Landlords and tenants are navigating an unprecedented time, as the COVID19 pandemic has shuttered nearly all nonessential businesses.
So here's a question many of us have once the dust settles: What does the future look like for the retail landscape on the First Coast?
Jason Ryals with Colliers International's Jacksonville office has been studying the North Florida retail sector. He said Monday that vacancy in the local retail market currently stands at 4.5%; a 60 basis point uptick since the end of the fourth quarter in 2019.
"Grocery stores are obviously a necessity and doing well," Ryals said during an interview on First Coast Connect with Melissa Ross.
"I think the hair salons and nail salons and even restaurants and hardware stores, they'll all come back relatively normally. I think movie theaters, gyms, places where large gatherings were happening are going to see a little bit of a longer recovery."
The restaurant sector, now confined to delivery and takeout items only, has been hit particularly hard, and may change permanently once establishments open back up, he said.
"We've heard comments like, there may not be menus in the future. The ketchup bottle and the salt shaker and the pepper that sit in the middle of the table likely won't be there. Do servers come out and take your order? Or do you sit down and basically order online from your table and the server brings the food to you? That may be an immediate kind of knee-jerk reaction when things open, and maybe over, you know, five or six years we get back to some more normalcy."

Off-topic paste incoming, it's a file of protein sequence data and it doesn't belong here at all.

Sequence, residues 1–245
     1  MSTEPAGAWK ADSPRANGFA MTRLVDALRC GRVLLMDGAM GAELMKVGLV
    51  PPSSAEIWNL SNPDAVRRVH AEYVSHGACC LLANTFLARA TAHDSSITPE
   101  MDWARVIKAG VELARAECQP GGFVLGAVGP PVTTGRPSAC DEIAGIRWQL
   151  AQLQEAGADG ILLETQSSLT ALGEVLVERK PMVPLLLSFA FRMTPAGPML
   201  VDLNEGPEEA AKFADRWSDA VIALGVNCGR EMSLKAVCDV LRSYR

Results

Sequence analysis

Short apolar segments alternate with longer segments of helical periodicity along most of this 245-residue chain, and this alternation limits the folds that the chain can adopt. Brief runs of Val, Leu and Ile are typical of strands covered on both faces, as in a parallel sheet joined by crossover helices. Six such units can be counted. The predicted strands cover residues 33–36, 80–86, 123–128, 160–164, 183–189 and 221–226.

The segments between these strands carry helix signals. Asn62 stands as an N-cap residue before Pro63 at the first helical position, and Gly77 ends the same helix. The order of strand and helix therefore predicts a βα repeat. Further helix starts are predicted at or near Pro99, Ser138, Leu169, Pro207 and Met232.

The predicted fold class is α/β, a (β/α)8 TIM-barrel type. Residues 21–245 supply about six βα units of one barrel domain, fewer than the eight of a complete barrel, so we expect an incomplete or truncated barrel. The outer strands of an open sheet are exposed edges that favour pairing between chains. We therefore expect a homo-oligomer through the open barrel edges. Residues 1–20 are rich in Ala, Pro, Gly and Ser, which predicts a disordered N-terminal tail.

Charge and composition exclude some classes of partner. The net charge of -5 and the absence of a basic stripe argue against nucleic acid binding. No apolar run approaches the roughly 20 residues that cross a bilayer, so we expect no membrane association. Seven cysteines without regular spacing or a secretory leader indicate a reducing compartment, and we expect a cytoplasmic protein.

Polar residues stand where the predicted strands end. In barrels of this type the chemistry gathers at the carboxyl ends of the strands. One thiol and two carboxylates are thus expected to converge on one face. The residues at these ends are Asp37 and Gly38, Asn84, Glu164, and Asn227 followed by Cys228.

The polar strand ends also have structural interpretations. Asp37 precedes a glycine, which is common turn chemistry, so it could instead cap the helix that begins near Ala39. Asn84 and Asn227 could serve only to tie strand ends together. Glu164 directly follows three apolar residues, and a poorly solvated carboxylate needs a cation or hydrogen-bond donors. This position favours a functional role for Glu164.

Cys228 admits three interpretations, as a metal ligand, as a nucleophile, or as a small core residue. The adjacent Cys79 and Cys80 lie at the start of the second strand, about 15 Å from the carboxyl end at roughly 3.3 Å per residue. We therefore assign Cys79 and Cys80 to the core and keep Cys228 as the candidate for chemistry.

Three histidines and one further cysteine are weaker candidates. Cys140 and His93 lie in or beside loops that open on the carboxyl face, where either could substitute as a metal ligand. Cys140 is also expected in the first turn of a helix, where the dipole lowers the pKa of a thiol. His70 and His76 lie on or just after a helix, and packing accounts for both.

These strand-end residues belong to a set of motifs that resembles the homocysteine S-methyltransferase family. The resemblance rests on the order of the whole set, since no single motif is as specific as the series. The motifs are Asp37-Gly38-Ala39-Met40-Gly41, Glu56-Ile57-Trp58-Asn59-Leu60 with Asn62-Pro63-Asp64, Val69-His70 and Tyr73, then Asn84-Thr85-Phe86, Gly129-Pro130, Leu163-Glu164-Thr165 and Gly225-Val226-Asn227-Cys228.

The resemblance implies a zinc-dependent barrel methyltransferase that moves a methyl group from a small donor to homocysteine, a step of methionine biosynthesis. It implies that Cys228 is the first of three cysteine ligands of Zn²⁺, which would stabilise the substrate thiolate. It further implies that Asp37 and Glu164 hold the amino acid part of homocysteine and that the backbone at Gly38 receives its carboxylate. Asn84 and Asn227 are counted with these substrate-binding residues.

As both commercial and residential tenants stop paying rent, Ryals said that will also impact an overall recovery:
"It all flows upstream. So the tenants don't pay rent to the landlords, and the landlords can't pay their mortgage payment to their lenders, and the lenders then ultimately will likely have to go to the government for a bailout,” said Ryals.
Earlier this month one of Jacksonville’s largest commercial landlords, Sleiman Enterprises, announced it would waive rent payments for April and May, but with the caveat that two additional months would be added to the end of those leases.
“I talked to a landlord last week that has a pretty good portfolio of retail centers around the state of Florida, and they said they're getting two to three tenants a day either terminating their lease now, or just saying they're not going to renew when their lease comes up for renewal later this year. That landlord was at 3% vacancy in February, and they said by the end of the year, they're thinking their portfolio will be closer to 15%. So yeah, there'll be a ripple effect."
Jacksonville First Quarter 2020 Retail Market Snapshot
Melissa Ross can be reached at firstname.lastname@example.org, 904-358-6382 or on Twitter at @MelissainJax.